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Multi-Agency Teams Evaluate Maui Property Damage from “Kona Low” Storm

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A preliminary damage assessment team inspects a washout on the Pi‘ilani Highway on Maui on Dec. 20, 2021. PC: HI-EMA

A multi-agency team of state, county and federal workers began an in-person assessment on Monday of damages on Maui caused by the “Kona Low” weather system which dumped more than 20 inches of rain on areas of Hawaiʻi early in December.

The teams began their work in Maui County, touring sites to document and assess the extent of damage to public property.

Teams organized by the Hawaiʻi Emergency Management Agency were scheduled to inspect at least seven sites on Maui on Monday, including damage to the Pi’ilani Highway and the Kula State Forest Reserve.


These preliminary assessments help state, county, and federal leaders determine if the storm caused enough damage to meet the requirements for a federal disaster declaration. If approved, a declaration could potentially unlock government assistance to public or private property owners/operators in the form of grants or loans. Future inspections will assess damage to private property.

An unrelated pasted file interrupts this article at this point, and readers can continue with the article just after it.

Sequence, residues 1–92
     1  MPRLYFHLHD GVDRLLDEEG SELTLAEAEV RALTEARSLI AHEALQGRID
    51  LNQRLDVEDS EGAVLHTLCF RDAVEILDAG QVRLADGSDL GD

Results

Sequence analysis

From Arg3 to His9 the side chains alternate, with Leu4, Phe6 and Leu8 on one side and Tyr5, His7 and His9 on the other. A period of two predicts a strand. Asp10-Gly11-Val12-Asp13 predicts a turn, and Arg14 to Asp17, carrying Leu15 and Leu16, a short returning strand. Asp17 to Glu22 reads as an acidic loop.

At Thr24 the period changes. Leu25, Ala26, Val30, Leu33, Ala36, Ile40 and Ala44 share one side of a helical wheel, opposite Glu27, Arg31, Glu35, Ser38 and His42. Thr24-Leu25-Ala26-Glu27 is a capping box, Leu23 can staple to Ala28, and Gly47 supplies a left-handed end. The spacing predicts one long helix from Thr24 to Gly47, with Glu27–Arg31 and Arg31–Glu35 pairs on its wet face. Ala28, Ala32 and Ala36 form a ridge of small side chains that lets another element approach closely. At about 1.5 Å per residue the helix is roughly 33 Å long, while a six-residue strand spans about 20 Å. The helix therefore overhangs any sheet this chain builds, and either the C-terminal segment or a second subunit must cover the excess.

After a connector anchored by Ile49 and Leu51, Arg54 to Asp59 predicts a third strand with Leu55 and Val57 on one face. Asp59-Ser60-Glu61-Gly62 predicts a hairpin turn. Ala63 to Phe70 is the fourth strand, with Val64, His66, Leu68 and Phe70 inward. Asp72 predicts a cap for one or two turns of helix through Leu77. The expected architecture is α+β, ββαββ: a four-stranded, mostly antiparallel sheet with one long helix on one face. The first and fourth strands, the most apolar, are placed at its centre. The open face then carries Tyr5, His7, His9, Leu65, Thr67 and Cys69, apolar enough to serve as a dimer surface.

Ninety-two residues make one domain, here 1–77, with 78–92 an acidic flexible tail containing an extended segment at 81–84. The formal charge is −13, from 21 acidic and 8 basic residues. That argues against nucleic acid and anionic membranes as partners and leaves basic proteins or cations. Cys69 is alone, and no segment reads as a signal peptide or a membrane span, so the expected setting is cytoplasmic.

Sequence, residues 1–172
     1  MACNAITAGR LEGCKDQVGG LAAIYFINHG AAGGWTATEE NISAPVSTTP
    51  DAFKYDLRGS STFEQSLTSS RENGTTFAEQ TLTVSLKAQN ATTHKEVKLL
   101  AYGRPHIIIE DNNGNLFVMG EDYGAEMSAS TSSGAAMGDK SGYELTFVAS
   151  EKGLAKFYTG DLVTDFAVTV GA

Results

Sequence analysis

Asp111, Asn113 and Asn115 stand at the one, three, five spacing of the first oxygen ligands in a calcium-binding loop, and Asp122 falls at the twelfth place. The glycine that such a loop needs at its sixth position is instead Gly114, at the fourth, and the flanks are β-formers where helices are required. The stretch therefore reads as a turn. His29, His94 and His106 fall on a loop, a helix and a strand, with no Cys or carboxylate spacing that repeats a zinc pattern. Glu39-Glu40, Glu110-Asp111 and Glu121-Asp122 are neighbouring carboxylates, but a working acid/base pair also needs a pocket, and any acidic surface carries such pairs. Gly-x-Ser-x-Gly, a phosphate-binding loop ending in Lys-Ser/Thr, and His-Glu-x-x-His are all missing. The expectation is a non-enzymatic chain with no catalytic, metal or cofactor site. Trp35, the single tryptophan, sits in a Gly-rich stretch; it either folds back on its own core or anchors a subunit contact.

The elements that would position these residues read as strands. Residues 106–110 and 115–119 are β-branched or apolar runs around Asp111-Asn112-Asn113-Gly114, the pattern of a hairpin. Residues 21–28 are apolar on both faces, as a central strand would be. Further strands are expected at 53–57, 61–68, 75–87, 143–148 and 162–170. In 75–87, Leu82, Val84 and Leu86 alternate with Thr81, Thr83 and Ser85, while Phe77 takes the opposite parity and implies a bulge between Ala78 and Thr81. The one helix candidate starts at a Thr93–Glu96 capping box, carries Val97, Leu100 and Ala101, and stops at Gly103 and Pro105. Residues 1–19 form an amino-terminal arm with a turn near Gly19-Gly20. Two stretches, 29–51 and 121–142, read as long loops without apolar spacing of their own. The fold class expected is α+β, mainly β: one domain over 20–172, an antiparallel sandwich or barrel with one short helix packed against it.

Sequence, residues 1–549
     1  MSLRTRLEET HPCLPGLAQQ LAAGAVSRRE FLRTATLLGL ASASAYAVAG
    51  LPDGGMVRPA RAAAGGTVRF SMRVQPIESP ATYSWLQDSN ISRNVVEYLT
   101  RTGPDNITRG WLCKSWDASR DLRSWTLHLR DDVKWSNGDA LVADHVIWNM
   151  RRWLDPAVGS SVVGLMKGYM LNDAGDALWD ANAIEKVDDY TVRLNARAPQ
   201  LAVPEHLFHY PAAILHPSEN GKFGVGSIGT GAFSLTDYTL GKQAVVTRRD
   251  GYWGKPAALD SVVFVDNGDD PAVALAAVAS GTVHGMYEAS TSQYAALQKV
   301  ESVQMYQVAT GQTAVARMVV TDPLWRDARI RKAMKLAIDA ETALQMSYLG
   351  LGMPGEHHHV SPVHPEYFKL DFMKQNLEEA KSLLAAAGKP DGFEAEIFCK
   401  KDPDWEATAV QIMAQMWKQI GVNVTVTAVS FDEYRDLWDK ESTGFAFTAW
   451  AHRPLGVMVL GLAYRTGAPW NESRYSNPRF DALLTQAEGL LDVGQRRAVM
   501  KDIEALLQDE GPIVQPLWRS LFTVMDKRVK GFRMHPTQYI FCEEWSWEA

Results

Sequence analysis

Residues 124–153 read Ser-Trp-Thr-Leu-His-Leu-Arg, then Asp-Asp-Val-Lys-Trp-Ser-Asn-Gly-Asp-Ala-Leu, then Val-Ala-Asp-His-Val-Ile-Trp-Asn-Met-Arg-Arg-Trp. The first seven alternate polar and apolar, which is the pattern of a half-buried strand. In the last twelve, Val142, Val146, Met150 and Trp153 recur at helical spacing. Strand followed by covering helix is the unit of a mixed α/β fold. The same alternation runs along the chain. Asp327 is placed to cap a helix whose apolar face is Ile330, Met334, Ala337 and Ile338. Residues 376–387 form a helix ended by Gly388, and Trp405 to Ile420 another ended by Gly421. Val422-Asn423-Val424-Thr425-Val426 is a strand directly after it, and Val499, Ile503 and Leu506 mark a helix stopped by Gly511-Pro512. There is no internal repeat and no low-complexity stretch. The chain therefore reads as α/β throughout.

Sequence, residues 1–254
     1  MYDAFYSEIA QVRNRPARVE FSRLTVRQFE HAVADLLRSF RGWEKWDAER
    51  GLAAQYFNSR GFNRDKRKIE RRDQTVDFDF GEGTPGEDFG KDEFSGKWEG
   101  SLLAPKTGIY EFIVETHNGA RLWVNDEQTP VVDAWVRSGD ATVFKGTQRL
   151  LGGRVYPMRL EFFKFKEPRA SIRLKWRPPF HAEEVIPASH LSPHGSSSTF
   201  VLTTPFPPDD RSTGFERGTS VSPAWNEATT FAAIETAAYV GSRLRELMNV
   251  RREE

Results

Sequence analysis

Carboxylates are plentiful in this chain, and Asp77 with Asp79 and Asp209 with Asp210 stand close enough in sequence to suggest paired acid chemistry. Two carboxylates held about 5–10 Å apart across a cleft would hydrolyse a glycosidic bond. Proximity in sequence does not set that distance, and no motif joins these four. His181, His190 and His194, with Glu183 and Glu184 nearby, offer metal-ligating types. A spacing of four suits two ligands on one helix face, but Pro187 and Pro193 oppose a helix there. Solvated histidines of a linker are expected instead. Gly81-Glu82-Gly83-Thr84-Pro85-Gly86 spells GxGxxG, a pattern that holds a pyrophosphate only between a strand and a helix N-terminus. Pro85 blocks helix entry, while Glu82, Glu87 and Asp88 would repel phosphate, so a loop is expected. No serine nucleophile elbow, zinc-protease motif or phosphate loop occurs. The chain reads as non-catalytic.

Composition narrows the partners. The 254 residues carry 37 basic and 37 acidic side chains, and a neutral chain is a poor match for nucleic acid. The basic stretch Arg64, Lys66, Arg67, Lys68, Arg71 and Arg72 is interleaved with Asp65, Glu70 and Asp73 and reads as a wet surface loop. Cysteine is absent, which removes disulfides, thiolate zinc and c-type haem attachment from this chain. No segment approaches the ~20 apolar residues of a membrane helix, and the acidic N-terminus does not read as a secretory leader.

The process takes time and the Hawai’i Emergency Management Agency advises that government financial assistance may not become available.  Data collection and review of public and private property will continue in the weeks ahead.

“As recovery efforts from this storm continue, we urge residents to be patient and to help each other while we work as quickly as possible to complete the assessment process,” said Luke Meyers, Administrator of HI-EMA.


HI-EMA encourages residents to document their damage with photos/video and contact their insurance agency if they haven’t already done so.

Additionally, each County has online tools to report residential and business damage. These forms are used only to collect information that will help local officials understand the damage that occurred and impacts on the community; they are not applications for assistance. Those tools can be found here.

Assessments are expected to continue in Maui County and begin in the City and County of Honolulu this week, with assessments in Hawaiʻi County still to be determined.


“This most recent severe weather is a reminder that disasters can strike at any time,” Meyers said, adding that it is vital to know your hazards and be prepared.

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